Google has done a lot to better manage Android’s background resource usage over the last few updates, and Oreo brings another enhancement to the table with Background Execution Limits. Simply, this limits what an app can do when running in the background—both in resources used and broadcasts requested.
Background Execution Limits are designed to be automatic in Android Oreo—you don’t have to do anything to take advantage of them…as long as your apps were developed with Android 8.0 Oreo in mind, and coded to take advantage of this feature.
Sadly, not every developer goes through the trouble to add that code. And if any of the apps you use are old and no longer in development, well, they won’t automatically limit themselves either. The good news is that you can essentially “force” this feature to work with older apps thanks to a toggle provided in Oreo.
Note that this is different than Android’s stock Battery Optimization feature—these two things really work together, but Background Execution Limits is designed to better control resources (like RAM and CPU cycles) for an improved overall experience, especially as apps start to “pile up” in the background.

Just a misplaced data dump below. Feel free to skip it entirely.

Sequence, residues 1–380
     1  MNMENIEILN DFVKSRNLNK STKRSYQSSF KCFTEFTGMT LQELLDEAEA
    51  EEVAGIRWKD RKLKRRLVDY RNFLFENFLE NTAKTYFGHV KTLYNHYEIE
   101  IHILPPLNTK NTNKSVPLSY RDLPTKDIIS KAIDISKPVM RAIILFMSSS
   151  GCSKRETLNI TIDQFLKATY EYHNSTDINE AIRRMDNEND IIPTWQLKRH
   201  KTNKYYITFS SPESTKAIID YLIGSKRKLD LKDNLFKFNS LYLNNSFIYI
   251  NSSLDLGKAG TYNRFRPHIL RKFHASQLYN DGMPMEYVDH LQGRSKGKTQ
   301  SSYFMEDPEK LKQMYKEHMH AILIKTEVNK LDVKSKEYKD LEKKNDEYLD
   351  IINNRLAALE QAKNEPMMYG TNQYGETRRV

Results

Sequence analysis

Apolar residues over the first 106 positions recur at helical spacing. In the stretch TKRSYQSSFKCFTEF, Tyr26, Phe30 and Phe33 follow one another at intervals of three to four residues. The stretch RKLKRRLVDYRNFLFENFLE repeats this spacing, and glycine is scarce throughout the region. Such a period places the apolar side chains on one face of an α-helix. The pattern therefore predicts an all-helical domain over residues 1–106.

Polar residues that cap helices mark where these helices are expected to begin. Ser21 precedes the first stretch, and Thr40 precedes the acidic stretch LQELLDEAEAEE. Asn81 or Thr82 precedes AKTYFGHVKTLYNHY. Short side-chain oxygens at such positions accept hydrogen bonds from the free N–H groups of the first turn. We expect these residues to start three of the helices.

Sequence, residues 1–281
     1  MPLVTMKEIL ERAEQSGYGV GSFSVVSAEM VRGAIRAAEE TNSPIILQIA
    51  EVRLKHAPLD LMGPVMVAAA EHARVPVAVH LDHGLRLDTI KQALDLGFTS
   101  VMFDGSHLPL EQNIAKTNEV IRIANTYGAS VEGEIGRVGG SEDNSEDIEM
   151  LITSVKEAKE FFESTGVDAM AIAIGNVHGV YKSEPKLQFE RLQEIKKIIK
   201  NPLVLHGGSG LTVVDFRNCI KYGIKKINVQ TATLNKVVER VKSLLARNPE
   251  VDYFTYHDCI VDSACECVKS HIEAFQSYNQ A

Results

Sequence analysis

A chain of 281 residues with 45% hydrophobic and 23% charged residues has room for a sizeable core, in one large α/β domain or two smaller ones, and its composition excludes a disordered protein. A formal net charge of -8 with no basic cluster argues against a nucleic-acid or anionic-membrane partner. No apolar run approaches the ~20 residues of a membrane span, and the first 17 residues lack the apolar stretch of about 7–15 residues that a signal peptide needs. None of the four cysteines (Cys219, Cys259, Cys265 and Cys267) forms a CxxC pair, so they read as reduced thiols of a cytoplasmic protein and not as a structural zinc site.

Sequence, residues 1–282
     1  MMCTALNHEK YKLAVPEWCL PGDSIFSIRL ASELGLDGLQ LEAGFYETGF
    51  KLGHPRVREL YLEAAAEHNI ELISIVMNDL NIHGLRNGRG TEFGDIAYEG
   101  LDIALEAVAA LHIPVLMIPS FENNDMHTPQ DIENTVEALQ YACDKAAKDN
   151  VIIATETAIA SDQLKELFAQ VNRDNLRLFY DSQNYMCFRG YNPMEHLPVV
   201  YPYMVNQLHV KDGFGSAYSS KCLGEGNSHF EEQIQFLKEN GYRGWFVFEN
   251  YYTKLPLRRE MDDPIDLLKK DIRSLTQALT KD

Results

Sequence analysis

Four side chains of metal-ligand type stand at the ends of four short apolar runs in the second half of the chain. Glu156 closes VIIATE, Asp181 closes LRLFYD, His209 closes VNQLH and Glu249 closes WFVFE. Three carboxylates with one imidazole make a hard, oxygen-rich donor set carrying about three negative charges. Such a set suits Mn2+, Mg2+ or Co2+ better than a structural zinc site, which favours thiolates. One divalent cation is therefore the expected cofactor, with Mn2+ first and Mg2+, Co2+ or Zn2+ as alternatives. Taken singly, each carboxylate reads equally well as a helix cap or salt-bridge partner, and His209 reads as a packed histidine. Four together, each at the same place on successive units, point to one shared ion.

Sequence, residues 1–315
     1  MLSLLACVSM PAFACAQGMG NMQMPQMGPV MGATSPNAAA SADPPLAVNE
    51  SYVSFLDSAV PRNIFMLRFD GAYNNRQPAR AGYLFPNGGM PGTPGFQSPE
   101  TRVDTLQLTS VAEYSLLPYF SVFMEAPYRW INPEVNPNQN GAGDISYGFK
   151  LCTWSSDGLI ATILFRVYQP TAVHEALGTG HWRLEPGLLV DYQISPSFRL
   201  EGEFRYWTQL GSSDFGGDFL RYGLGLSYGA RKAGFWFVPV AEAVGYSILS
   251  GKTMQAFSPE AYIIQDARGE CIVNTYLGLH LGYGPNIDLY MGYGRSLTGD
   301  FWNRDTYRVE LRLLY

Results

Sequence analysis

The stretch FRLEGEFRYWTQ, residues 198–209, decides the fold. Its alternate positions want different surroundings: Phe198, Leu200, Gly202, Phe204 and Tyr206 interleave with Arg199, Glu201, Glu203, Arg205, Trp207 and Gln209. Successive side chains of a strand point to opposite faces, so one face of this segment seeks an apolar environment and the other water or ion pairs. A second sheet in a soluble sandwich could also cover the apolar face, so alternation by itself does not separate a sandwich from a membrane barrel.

How to Force Background Limitations on Non-Optimized Android Apps
First off, if you want to force these restrictions on apps that haven’t yet been updated for Android Oreo, you’ll need to do it for each app. So first, open the notification shade, then tap the gear icon to open the Settings menu.
From there, tap on Apps & Notifications.
Choose “App info” from this menu, which will open the list of all currently-installed apps.
Pick an app from this menu—any app will do to start off with. From there, tap the “Battery” option.
If the app is already optimized for Android 8.0, you’ll only have one option in the “Manage battery usage” section, which reads Battery Optimization. Like so:
If the app isn’t optimized for Oreo, you’ll have a second option: Background Activity. By default, this toggle is set to “On”, which allows the app to run in the background when you’re not using it.
Go ahead and slide that toggle to the off position to limit its background activity, putting it more in line with default Oreo apps.
While I can’t speak for how dramatically this will improve battery life, I’m certain it won’t hurt. Also, doing this to multiple applications should provide a noticeable bump in system performance, because less going on in the background means more power for anything in the foreground. I’m into that.